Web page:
Where things get interesting is on the offensive end. Dallas will again be an offensive juggernaut, with Dirk as the fulcrum and a plethora of shooters along with Ellis and his cutting prowess. Parsons may be slightly overrated as a three-point “gunner”, but he shot 37 percent last year on a ton of attempts (over six a night) and will wreak havoc on defenses while sharing the court with Nowitzki. He shot 43.8 percent on all spot-up attempts, per Synergy, and used almost 30 percent of his finished possessions on such plays. He’s clearly comfortable in that role, a big positive for the Mavs given how often he’ll fill it in their scheme. But are his numbers as a complementary shooter that much better than the two wings he’ll be “replacing”?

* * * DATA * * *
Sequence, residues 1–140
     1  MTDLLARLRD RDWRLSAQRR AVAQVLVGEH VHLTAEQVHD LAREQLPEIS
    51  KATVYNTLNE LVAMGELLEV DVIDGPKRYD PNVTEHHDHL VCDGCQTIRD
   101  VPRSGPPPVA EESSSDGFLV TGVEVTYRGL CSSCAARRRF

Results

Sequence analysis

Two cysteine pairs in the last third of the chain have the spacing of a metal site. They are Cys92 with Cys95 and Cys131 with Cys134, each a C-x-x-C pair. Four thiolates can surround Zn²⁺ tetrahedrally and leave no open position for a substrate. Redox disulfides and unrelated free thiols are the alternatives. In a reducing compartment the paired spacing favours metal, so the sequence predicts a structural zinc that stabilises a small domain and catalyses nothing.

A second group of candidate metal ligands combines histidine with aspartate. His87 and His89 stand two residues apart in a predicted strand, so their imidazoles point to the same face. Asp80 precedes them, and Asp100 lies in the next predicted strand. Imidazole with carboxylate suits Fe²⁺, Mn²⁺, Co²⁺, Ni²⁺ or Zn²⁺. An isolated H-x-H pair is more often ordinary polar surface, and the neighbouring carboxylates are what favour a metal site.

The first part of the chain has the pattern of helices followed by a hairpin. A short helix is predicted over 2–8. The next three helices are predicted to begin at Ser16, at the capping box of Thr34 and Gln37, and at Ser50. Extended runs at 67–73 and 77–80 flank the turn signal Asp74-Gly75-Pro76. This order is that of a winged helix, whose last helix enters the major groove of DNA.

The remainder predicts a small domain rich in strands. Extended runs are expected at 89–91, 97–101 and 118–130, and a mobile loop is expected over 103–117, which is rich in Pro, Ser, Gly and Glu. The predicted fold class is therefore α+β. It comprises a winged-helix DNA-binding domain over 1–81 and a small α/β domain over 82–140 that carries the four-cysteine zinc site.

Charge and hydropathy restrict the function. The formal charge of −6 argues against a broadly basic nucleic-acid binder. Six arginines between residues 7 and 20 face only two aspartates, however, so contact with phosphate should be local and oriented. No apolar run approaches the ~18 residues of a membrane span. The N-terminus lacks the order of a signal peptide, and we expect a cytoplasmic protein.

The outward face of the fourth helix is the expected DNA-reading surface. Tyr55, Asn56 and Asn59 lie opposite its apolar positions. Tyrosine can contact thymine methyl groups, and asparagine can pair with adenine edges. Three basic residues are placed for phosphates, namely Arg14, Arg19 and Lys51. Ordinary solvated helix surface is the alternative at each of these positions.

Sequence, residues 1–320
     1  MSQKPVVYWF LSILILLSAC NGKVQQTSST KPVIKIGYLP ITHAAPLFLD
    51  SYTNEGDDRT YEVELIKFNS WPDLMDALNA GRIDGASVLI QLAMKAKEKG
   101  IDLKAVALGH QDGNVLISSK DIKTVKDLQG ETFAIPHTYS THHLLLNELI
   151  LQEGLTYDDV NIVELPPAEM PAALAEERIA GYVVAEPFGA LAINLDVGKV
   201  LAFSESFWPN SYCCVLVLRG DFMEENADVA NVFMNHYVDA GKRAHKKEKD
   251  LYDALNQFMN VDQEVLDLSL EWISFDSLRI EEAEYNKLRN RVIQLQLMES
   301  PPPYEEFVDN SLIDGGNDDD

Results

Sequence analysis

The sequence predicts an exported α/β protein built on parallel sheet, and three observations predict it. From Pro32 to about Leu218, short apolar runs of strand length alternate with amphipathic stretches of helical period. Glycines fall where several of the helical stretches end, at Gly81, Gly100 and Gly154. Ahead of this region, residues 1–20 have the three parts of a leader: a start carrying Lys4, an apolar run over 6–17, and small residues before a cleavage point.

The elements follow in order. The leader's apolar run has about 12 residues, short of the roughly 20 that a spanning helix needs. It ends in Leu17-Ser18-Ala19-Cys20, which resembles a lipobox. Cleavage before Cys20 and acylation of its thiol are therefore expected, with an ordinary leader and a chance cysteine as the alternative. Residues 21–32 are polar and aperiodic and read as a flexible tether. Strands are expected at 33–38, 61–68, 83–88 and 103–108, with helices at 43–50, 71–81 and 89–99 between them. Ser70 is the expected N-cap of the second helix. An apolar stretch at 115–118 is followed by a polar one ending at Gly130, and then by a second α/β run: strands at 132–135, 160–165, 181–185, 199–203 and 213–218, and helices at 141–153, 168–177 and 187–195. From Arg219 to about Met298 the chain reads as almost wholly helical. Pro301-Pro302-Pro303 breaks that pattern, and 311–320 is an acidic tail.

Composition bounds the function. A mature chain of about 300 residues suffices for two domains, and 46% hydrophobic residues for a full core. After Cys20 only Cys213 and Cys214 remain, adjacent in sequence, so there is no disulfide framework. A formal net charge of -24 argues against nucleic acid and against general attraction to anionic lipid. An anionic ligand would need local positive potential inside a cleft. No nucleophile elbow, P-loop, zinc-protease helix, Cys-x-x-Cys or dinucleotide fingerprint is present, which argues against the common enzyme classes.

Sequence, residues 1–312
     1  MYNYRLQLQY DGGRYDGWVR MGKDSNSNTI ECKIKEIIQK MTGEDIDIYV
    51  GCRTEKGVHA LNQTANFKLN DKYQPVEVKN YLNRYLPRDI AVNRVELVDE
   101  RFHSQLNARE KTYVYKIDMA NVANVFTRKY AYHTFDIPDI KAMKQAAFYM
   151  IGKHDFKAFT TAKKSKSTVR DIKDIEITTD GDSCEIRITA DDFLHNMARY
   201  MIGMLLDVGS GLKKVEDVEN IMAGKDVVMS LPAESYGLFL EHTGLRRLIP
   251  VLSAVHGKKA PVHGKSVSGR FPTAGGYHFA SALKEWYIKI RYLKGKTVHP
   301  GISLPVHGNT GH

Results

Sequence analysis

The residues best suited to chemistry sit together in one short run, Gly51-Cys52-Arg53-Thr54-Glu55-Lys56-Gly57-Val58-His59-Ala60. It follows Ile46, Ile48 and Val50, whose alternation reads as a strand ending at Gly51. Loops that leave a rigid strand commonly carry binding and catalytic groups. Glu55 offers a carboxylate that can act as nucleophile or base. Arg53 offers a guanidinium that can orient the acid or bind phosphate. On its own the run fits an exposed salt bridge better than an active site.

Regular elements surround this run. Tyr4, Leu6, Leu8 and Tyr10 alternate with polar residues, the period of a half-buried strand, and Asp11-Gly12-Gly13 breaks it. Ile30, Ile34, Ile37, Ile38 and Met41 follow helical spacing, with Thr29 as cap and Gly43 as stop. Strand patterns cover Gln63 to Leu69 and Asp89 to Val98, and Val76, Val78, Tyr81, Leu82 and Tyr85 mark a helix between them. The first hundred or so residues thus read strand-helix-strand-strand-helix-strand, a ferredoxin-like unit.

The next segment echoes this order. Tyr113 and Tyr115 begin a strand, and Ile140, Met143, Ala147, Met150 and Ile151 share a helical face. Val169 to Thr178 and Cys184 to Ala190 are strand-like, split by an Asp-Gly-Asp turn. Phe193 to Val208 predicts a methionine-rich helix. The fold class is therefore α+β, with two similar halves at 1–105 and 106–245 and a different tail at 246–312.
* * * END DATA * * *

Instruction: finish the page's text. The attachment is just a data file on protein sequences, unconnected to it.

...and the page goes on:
It’s not too close with Marion, as seen in the chart above, but Carter’s shooting prowess was honestly very similar to Parsons’ in several areas. He was a more accurate long-range shooter on more attempts while on the court, and wasn’t far off as a general spot-up shooter. Further, Carter shot more free-throws on a per-minute basis and was nearly eight percent better than Parsons from the line. A caveat about personnel, both teammates and opponents, is again necessary here; Carter faced more bench-heavy units, played within a more team-friendly and ball-movement-oriented offense, and likely received slightly more cushion from defenses given his advanced age and Parsons’ burgeoning reputation as a distance threat. Nonetheless, through this scope alone it might seem like Dallas was overpaying for Parsons when Carter’s new deal in Memphis will carry a cap hit over $10 million per year less.